Tuesday 9 March 2021

On Blu-ray - David Hare pillages the extras to discover Billie Holliday and Duke Ellington in SYMPHONY IN BLACK (Fred Waller, USA, 1935)

For a mere one minute of screen time Billie Holliday (above) sings "Just got those lost my man blues" with Duke Ellington accompanying.

Screen is from the Ellington Band Paramount musical short subject, Symphony in Black. It and over a dozen more one-reelers occupy premium ground on Cohen's Blu-ray restoration of the abysmally conceived Wiliiam Dieterle "birth of jazz" picture, Syncopation  in 1942, in which the history of jazz has been turned inside out to end up crediting those loveable honkeys, Bonita Granville and Jackie Coogan into the folks who effectively "created" America's greatest art form. The movie is worthless, but the fifteen or more jazz short subjects from the Paramount vaults are worth more than the price of the disc.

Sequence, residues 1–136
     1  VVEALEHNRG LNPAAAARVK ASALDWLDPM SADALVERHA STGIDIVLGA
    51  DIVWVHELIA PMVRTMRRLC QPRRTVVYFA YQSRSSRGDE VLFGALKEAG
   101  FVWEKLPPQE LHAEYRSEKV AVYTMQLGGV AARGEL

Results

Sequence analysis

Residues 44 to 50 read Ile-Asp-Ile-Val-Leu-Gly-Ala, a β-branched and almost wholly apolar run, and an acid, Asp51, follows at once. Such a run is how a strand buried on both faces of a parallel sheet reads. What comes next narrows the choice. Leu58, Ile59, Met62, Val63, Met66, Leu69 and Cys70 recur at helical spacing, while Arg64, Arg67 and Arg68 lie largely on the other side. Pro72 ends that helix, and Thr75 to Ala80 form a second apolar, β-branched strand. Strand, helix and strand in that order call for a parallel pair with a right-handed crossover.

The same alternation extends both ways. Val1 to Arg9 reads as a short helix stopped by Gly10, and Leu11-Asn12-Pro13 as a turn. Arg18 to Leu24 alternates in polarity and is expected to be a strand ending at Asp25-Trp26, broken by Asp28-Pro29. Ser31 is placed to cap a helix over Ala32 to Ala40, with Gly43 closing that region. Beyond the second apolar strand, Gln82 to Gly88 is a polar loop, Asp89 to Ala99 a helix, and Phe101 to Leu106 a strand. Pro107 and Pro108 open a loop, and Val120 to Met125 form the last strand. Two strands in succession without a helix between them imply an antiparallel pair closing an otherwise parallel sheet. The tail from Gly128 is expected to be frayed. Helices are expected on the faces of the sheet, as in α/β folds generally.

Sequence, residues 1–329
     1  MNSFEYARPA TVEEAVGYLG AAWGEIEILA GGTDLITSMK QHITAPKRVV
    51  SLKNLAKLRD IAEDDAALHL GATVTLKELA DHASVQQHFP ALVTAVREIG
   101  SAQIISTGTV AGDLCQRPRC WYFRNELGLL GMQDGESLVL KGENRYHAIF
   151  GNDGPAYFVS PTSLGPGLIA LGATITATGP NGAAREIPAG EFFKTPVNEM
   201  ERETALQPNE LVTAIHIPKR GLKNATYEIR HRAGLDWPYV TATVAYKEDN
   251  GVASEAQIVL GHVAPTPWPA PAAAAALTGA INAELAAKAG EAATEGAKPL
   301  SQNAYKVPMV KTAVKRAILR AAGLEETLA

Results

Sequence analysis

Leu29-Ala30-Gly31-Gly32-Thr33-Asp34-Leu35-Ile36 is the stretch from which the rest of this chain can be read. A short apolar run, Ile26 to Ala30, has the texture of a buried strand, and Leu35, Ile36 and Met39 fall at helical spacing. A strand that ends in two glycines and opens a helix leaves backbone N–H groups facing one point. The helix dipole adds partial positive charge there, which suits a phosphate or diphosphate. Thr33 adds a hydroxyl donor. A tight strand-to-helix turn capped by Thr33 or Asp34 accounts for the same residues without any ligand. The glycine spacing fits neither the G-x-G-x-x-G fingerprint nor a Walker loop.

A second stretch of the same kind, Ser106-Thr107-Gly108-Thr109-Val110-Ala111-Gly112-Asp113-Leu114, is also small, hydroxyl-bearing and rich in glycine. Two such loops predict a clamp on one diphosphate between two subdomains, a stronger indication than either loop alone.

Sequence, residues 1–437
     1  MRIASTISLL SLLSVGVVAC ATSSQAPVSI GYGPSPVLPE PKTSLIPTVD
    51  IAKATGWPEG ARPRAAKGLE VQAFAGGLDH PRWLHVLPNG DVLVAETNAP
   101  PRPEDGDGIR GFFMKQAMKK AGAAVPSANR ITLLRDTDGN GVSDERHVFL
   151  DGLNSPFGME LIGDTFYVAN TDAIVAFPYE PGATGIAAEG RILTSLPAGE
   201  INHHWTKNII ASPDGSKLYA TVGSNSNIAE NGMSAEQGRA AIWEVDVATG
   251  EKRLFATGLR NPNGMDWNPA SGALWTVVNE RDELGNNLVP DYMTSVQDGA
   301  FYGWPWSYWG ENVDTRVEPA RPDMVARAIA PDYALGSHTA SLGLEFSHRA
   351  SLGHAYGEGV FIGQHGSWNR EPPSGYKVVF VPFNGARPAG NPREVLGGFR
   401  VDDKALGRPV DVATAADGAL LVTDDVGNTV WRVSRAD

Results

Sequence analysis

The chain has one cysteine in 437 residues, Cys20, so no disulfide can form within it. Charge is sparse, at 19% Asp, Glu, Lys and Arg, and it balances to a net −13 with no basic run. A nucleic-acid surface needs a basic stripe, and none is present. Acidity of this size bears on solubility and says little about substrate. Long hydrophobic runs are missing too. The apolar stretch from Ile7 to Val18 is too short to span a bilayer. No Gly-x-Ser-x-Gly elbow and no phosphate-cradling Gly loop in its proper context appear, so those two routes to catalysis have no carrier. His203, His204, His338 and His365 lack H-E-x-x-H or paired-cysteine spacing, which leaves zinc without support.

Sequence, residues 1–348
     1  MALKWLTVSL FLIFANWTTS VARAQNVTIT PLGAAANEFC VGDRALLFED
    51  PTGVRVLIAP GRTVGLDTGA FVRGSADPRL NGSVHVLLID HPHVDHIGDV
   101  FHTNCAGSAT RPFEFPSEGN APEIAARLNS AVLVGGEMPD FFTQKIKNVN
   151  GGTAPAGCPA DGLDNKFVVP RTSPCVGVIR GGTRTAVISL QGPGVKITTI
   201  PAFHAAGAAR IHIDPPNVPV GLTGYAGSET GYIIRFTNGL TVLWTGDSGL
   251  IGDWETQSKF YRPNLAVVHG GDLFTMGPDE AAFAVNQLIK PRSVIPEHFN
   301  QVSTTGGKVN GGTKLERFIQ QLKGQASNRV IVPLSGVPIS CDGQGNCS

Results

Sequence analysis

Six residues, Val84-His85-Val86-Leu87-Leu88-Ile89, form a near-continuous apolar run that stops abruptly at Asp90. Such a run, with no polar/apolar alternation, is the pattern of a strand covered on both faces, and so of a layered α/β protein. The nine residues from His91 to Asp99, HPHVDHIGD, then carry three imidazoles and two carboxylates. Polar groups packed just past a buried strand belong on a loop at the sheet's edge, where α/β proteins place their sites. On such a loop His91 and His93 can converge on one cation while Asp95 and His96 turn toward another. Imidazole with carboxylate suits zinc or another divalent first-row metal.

The previous year, 1934, Mitchell Leisen (in Murder at the Vanities) also slipped Ellington and the band through a precode mixed race cranny, to perform a daringly mixed white and black suite, "Rhapsody in Black", in which one side machine guns the other side after 15 minutes of astonishing bravura. After watching the white girls dance you would too. The suite opens with that dweebesque exemplar of the white race in the person of Carl Brisson, (he of the shock combover and smudged lippy) who opens the set while murdering one of Brahms' Hungarian Rhapsodies. 

How often does the Duke save the day from such abysmal decrepitude!

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